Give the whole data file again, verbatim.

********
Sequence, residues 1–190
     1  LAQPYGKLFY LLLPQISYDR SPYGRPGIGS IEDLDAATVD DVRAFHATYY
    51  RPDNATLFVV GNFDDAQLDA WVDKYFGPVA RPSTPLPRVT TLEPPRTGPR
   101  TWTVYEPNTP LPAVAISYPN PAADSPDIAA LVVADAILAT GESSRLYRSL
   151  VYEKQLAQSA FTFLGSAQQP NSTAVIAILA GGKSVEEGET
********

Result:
Sequence, residues 1–190
     1  LAQPYGKLFY LLLPQISYDR SPYGRPGIGS IEDLDAATVD DVRAFHATYY
    51  RPDNATLFVV GNFDDAQLDA WVDKYFGPVA RPSTPLPRVT TLEPPRTGPR
   101  TWTVYEPNTP LPAVAISYPN PAADSPDIAA LVVADAILAT GESSRLYRSL
   151  VYEKQLAQSA FTFLGSAQQP NSTAVIAILA GGKSVEEGET